Doug Newcomb

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Doug Newcomb  |  Jun 02, 2006  |  0 comments

Photo Gallery

Doug Newcomb  |  Sep 06, 2006  |  0 comments

Convertibles aren't conducive to great sound - at least not when you're speeding along in one with the top down. But with its unique, three-piece retractable hardtop, the 2006 Volvo C70 (sticker price $47,307 as tested) isn't a typical convertible - and the Dynaudio Premium Sound package that's available as a $1,550 option isn't a typical OEM system, either.

Doug Newcomb  |  Jul 05, 2006  |  0 comments

Thanks to their portability, personal navigation devices (PNDs) are finding their way into the hands of more and more drivers of multiple vehicles. PNDs not only assist in getting you from point A to point B - as well as locate every ATM and Starbucks in between - they also offer features such as MP3 compatibility and real-time traffic info.

Doug Newcomb  |  May 03, 2006  |  0 comments

The 8-inch, rear deck, subwoofer - taken at the New York Auto Show

Doug Newcomb  |  Feb 23, 2012  |  6 comments

If you like listening to music in the car, things just keep getting better, thanks to an explosion of technology that allows more options for taking your tunes on the road.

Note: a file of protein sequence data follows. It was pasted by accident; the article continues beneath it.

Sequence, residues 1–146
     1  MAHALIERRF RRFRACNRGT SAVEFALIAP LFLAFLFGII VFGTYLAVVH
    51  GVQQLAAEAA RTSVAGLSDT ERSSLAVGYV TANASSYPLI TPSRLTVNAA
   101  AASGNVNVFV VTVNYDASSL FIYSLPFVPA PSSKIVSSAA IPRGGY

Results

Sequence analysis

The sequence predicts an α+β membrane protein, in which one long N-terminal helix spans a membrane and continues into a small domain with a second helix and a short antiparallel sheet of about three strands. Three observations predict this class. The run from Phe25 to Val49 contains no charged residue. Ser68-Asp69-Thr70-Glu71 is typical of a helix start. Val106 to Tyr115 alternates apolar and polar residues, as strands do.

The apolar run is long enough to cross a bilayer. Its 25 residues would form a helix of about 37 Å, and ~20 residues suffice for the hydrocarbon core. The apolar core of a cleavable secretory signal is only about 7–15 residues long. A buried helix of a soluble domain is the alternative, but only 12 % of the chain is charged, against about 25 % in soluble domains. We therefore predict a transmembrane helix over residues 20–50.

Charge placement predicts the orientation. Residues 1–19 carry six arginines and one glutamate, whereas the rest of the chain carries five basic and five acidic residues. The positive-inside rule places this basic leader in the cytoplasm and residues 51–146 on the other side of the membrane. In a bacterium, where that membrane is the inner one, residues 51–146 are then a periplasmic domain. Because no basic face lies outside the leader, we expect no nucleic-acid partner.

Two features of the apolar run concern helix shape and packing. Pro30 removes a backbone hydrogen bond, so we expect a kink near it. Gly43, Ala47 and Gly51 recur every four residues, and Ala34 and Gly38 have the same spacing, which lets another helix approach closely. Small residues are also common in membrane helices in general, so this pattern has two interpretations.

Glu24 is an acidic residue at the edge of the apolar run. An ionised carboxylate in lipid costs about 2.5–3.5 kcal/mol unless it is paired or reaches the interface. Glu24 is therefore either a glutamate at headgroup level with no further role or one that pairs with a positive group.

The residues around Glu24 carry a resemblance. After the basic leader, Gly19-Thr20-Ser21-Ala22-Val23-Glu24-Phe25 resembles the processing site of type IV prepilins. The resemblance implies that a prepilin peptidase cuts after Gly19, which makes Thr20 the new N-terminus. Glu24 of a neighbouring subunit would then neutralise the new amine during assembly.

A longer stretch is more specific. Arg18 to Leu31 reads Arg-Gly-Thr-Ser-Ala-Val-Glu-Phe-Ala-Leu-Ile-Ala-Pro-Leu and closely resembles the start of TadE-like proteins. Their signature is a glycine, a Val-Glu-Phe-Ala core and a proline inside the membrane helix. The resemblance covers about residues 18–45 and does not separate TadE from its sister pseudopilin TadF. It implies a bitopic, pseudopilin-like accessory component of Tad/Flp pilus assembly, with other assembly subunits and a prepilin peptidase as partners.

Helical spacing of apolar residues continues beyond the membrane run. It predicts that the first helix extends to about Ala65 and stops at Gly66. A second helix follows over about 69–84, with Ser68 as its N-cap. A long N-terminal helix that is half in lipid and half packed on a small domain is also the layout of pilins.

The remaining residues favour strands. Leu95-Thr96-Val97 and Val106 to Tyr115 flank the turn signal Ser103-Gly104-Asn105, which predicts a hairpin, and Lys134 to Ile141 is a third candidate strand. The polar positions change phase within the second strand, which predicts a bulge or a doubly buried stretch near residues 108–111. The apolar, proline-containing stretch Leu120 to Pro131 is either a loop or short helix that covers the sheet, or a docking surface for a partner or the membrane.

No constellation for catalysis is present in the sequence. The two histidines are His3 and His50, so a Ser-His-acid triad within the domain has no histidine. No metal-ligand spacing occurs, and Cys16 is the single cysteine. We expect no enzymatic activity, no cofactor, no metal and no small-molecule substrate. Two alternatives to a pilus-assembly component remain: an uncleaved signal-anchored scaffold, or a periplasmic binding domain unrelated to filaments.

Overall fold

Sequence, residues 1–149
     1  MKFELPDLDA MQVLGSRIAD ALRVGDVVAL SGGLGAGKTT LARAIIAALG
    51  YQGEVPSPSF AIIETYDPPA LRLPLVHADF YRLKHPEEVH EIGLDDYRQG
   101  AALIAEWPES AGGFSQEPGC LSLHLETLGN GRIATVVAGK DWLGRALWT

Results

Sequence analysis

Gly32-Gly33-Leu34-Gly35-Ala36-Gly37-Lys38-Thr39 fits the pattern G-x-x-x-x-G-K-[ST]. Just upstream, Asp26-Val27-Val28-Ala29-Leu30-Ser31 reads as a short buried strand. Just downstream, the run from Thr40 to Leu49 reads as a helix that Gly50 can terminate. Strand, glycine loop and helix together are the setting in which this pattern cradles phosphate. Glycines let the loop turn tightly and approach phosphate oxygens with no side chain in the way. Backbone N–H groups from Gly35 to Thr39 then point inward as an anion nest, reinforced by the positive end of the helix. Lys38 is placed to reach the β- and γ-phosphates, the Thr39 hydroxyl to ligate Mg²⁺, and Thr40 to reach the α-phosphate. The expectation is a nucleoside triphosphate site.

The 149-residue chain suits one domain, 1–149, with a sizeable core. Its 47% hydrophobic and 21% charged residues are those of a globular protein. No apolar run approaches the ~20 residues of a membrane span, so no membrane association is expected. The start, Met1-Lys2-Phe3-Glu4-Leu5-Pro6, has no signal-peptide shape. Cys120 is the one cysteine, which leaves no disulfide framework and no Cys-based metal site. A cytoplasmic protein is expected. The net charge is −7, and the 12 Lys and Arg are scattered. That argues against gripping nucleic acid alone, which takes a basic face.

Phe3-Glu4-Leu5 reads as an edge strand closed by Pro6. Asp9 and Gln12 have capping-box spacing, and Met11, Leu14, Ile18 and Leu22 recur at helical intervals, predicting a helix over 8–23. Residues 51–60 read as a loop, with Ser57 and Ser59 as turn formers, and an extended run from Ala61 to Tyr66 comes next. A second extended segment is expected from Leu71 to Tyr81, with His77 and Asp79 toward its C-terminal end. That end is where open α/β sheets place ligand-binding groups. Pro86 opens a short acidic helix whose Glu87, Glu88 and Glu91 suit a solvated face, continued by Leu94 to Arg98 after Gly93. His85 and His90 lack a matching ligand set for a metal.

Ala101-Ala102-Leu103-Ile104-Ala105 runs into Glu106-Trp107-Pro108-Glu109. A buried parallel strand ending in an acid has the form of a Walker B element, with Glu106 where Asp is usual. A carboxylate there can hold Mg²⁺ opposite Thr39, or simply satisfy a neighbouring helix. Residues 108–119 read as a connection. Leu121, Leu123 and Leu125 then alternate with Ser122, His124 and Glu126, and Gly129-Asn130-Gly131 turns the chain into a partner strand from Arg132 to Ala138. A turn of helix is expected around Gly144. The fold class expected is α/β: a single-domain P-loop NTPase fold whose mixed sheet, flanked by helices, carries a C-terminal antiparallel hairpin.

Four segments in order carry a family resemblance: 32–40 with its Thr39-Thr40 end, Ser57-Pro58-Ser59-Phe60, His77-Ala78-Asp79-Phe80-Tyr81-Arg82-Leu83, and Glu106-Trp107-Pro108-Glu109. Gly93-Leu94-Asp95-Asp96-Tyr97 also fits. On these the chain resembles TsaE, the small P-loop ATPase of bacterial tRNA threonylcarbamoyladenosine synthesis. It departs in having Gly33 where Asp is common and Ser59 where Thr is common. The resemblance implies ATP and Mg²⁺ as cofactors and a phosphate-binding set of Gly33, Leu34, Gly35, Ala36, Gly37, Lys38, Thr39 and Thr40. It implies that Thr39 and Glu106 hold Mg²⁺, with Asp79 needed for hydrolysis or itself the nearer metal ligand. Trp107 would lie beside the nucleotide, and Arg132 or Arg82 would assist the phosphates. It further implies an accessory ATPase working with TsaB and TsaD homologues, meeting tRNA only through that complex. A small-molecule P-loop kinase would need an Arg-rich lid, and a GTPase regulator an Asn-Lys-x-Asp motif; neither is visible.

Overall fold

Doug Newcomb  |  Oct 03, 2006  |  0 comments

NAV AT IT Car stereos with hard-disk drives (HDD) made a splash a few years ago - then quickly sank into obsolescence beneath the rising tide of iPods. But the double-DIN Eclipse AVN5495 DVD receiver is buoyed by its split personality: Its 30-gigabyte HDD doubles as a navigation database in addition to functioning as a music server.

Doug Newcomb  |  Jun 22, 2003  |  0 comments
Illustration by Bill Villareal Ah, summer. The warmth of the sun, the smell of fresh-cut grass, the taste of backyard barbeque - and your music playing too softly to hear on the patio but blasting as you walk inside for more ice cubes. As life migrates out of doors at this time of the year, your tunes don't have to get left behind.
Doug Newcomb  |  Apr 02, 2002  |  0 comments

Four of Hollywood's home-video heavies - DreamWorks, 20th Century Fox, Artisan Entertainment, and Universal Studios - have thrown their weight behind a format for distributing films in high-definition, the JVC-developed D-Theater variant of D-VHS.

Doug Newcomb  |  Jun 05, 2007  |  0 comments

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